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What are the differences between regular processes (like firefox, gimp, skype, etc.) and services (httpd, mysqld, etc.)? Obviously, services are different in their function, but I'm really wondering what's going on under the hood at the OS level? Are they treated in any different way?

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Under the hood, services are ordinary processes. What sets them apart is what they do and how they are started (but it's not a hard-and-fast definition). Services typically don't have a user interface, and are typically started when the system boots and run in the background, listening to requests coming from other programs or through the network. Such processes are called daemons in the unix world.

There's a more general definition of service that's more conceptual: a service is a feature that your computer provides. This definition roughly matches what is managed by the service command. Many services are provided by daemons, but that's not always the case. For example the gdm service (the default login manager) is provided by a process that's not really a daemon (it has a user interface for you to type your password). Services like console-setup, mountall or networking (to take examples from /etc/init) aren't provided by continuously running processes, but are enabled and disabled by running some state-changing commands.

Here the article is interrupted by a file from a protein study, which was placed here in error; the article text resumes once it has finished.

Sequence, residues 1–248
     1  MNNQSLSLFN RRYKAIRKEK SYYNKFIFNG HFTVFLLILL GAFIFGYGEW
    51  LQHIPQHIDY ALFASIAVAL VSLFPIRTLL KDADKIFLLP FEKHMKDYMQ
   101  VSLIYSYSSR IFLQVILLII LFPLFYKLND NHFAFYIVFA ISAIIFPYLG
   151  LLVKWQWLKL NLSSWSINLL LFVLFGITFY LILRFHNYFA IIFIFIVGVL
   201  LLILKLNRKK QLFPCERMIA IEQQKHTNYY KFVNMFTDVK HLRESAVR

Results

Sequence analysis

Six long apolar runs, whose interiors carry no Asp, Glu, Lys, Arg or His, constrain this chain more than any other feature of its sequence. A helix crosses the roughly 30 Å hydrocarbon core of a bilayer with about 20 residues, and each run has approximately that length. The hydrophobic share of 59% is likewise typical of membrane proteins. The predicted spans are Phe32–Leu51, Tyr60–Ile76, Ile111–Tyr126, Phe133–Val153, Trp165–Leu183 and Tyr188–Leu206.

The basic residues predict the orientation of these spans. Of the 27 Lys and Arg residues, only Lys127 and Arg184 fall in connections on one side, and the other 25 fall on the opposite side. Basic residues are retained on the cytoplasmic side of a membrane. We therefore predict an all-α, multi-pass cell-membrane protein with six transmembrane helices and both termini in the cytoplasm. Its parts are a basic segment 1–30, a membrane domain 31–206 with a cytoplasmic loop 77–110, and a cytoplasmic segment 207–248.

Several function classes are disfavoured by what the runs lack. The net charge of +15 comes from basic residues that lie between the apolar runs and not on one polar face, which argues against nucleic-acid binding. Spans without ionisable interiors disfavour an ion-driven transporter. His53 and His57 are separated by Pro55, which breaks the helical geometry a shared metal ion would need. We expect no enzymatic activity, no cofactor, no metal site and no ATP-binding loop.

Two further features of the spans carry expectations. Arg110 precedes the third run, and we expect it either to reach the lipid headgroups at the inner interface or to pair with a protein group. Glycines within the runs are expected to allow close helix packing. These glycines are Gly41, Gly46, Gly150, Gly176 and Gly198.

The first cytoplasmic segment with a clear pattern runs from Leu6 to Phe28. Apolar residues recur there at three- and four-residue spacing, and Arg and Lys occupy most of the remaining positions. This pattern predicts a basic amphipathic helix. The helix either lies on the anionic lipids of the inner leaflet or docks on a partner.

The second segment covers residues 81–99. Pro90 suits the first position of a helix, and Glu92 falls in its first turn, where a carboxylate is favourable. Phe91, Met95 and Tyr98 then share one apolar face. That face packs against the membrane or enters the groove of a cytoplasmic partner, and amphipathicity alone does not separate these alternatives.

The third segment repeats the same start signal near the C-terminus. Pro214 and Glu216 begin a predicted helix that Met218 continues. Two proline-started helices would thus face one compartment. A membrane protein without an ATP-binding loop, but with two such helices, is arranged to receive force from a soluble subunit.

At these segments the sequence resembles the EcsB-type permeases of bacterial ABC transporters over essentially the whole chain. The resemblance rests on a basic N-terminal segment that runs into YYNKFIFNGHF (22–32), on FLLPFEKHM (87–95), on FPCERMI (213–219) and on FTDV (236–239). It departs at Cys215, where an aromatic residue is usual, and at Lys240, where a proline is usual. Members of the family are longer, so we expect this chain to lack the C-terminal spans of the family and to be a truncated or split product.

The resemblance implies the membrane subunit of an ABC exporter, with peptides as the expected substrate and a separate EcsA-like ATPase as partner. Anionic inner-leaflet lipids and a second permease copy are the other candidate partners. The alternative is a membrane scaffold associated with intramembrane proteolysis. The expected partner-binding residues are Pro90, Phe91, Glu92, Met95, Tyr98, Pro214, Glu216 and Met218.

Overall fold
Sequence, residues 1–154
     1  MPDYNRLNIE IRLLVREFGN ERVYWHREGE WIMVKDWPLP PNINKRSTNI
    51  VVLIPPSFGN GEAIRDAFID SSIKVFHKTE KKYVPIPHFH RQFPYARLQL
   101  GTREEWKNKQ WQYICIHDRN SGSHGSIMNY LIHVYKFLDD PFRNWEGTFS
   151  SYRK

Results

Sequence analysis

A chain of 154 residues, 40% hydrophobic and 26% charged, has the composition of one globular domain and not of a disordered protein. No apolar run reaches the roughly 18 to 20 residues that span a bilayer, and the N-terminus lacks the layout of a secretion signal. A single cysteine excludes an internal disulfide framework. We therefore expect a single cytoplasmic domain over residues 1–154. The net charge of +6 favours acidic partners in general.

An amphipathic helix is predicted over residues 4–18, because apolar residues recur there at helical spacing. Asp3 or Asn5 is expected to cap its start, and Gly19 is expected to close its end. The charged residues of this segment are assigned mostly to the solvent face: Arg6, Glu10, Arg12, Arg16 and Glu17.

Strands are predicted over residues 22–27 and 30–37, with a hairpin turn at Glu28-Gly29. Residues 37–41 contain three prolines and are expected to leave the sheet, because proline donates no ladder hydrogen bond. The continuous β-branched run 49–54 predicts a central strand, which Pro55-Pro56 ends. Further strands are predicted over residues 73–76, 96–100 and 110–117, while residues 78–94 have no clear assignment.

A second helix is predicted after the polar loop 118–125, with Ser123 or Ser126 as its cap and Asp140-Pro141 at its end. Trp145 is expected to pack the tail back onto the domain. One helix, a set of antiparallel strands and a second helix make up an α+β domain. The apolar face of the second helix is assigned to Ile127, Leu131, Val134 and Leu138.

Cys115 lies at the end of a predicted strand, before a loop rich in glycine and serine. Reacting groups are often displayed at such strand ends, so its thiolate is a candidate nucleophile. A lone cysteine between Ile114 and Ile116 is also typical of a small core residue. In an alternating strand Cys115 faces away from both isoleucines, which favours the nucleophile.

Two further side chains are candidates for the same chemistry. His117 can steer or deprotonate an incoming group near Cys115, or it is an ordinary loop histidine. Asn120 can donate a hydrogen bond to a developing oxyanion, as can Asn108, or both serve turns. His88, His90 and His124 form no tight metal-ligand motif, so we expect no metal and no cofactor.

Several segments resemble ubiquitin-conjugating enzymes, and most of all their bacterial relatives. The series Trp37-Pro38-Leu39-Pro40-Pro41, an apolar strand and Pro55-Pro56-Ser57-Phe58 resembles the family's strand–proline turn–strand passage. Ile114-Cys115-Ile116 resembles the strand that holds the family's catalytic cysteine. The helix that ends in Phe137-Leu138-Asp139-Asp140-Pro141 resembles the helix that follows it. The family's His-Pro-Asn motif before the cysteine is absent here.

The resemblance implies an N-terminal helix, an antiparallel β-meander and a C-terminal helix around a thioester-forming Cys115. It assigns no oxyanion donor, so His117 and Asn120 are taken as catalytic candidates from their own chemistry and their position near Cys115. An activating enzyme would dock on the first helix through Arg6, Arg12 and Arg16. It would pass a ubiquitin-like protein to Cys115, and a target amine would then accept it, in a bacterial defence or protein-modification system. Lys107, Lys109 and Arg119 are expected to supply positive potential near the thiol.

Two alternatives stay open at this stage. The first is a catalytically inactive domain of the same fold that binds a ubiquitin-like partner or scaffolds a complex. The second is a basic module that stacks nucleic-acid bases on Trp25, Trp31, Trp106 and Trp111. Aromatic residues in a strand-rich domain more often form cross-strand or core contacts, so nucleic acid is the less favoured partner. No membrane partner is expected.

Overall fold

Another somewhat related concept is that of servers. A server is a program that listens to connections from other programs. (The connections might come through the network or by various local communication means.) Many servers are daemons, but a short-lived program can be a server and won't be considered a daemon; a program with a user interface also won't be considered a daemon. For example, the Emacs editor can run a server that listens to external requests to open files (i.e. running emacsclient myfile opens a file in a running instance of Emacs by contacting its associated emascsserver process); Emacs can start in daemon mode, meaning that the server is started but no GUI (a window will be opened when you open a file). By extension, a server computer is a computer whose main purpose is to run server programs.

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